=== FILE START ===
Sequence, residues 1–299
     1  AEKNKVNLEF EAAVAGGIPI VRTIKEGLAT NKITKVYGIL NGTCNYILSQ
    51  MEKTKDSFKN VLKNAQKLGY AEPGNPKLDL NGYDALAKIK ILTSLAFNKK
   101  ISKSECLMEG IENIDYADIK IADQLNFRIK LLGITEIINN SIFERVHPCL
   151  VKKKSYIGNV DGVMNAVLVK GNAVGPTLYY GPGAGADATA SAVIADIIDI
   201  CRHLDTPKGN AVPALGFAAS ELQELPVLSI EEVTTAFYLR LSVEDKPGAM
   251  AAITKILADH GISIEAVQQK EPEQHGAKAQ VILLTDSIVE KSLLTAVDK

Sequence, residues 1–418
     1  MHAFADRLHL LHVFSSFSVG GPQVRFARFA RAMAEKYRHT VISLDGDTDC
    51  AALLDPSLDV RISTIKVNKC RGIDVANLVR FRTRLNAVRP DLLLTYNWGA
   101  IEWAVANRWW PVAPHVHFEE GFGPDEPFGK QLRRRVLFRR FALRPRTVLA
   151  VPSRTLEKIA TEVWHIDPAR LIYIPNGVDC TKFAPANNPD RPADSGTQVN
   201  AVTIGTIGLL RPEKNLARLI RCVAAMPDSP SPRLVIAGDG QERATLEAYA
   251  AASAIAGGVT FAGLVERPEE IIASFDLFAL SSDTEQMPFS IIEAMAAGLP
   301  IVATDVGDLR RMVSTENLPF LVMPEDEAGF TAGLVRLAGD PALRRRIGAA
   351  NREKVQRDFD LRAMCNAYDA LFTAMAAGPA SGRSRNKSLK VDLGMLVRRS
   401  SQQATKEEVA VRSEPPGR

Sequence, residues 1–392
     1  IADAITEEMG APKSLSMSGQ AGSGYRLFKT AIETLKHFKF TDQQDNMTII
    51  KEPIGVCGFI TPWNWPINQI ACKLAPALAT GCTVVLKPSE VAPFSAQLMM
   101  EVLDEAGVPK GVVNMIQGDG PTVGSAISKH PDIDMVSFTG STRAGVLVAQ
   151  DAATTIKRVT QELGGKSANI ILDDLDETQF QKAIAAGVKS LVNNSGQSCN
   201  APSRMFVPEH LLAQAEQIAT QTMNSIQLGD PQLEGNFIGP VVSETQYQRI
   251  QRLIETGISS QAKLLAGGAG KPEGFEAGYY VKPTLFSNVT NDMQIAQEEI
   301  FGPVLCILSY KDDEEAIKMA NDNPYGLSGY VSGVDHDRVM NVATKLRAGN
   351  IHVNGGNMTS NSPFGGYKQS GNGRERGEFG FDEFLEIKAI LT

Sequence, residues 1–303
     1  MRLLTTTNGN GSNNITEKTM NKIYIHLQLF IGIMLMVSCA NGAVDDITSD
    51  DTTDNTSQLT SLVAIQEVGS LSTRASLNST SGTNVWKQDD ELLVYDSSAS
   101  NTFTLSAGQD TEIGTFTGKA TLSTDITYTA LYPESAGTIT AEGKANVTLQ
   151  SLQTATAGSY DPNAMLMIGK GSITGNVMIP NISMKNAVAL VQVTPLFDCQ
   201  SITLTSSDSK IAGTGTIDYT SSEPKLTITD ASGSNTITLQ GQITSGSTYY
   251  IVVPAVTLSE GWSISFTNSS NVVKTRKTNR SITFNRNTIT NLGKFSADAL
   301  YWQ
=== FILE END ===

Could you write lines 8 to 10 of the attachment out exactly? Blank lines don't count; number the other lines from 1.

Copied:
Sequence, residues 1–418
     1  MHAFADRLHL LHVFSSFSVG GPQVRFARFA RAMAEKYRHT VISLDGDTDC
    51  AALLDPSLDV RISTIKVNKC RGIDVANLVR FRTRLNAVRP DLLLTYNWGA